Collection Efficiency came to pre-COVID levels in March: Keki Mistry, HDFC
Keki Mistry, vice chairman and CEO of Housing Development Finance Corporation (HDFC), talks about the Q4FY21 numbers, collection efficiency, impact of the second wave of CORONA, the recent announcement of the RBI and NIMs among others during an exclusive interview with Zee Business Executive Editor Swati Khandelwal
Keki Mistry, vice chairman and CEO of Housing Development Finance Corporation (HDFC), talks about the Q4FY21 numbers, collection efficiency, impact of the second wave of CORONA, the recent announcement of the RBI and NIMs among others during an exclusive interview with Swati Khandelwal, Zee Business. Edited Excerpts:
Q: Congratulations on the good numbers. What led to this and what was the most remarkable thing in this quarter’s numbers?
A: The results have been good because the growth has been much stronger than what we had expected. If you will break down the four quarters, into quarter one, quarter two, quarter three and quarter four, then in the first quarter, our individual loan disbursements were only 37% of what they have been in the first quarter of the last year. In the second quarter, we did 97% of what we had done in the second quarter of the last year. So, even in the second quarter, we were lower than what we were in the previous year.
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From the third quarter, we saw that the growth pick-up was quite fast. In the third quarter, our disbursements were 26% higher than what they were in the third quarter of the previous year despite the fact that the previous year’s figure had no impact on COVID at all but the third quarter of this year had a COVID impact. And, the biggest or the maximum growth we had been in the fourth quarter. In the fourth quarter, we grew 60% in terms of individual loan disbursements despite the fact that the full of three months of the fourth quarter had the COVID impact, whereas in the previous impact the COVID impact had been only for a period, let say from March 20 to 31, 2020.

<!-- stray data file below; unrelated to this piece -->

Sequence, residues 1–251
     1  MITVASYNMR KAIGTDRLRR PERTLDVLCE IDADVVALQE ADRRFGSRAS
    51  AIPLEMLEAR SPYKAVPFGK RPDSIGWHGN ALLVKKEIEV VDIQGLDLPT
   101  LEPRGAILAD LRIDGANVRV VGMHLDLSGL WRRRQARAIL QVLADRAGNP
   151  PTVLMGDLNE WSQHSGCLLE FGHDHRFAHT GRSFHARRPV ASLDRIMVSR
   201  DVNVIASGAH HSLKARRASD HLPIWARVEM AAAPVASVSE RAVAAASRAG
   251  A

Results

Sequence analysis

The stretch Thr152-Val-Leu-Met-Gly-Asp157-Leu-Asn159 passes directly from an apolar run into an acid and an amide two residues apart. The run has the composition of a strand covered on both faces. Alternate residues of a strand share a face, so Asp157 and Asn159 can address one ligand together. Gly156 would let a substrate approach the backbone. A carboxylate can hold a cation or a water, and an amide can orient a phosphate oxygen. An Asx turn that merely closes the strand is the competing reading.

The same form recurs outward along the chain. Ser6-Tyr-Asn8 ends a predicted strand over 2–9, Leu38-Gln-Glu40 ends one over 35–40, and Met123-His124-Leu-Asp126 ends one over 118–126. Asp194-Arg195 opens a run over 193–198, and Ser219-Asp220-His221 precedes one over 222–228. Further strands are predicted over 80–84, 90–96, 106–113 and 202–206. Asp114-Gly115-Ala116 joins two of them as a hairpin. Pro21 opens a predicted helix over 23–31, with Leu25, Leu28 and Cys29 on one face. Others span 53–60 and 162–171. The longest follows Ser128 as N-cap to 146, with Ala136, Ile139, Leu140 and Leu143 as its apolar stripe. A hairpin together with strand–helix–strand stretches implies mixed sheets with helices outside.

So, there was an impact of just 10-11 days in the previous year as compared to this year, where the impact was there in the complete quarter. But despite that, we grew 60% in disbursements. Now, 60% is something which in HDFC’s history has never seen such a growth in the whole quarter in terms of disbursements because our base is quite big. But it was just that a lot of people had COVID which had made it more imperative for people to look for bigger houses, better houses, more airy houses, where both husband and wife, if they both are working from home, then they need their own space, own independence, separate rooms. So, these are the reasons due to which the growth was so good.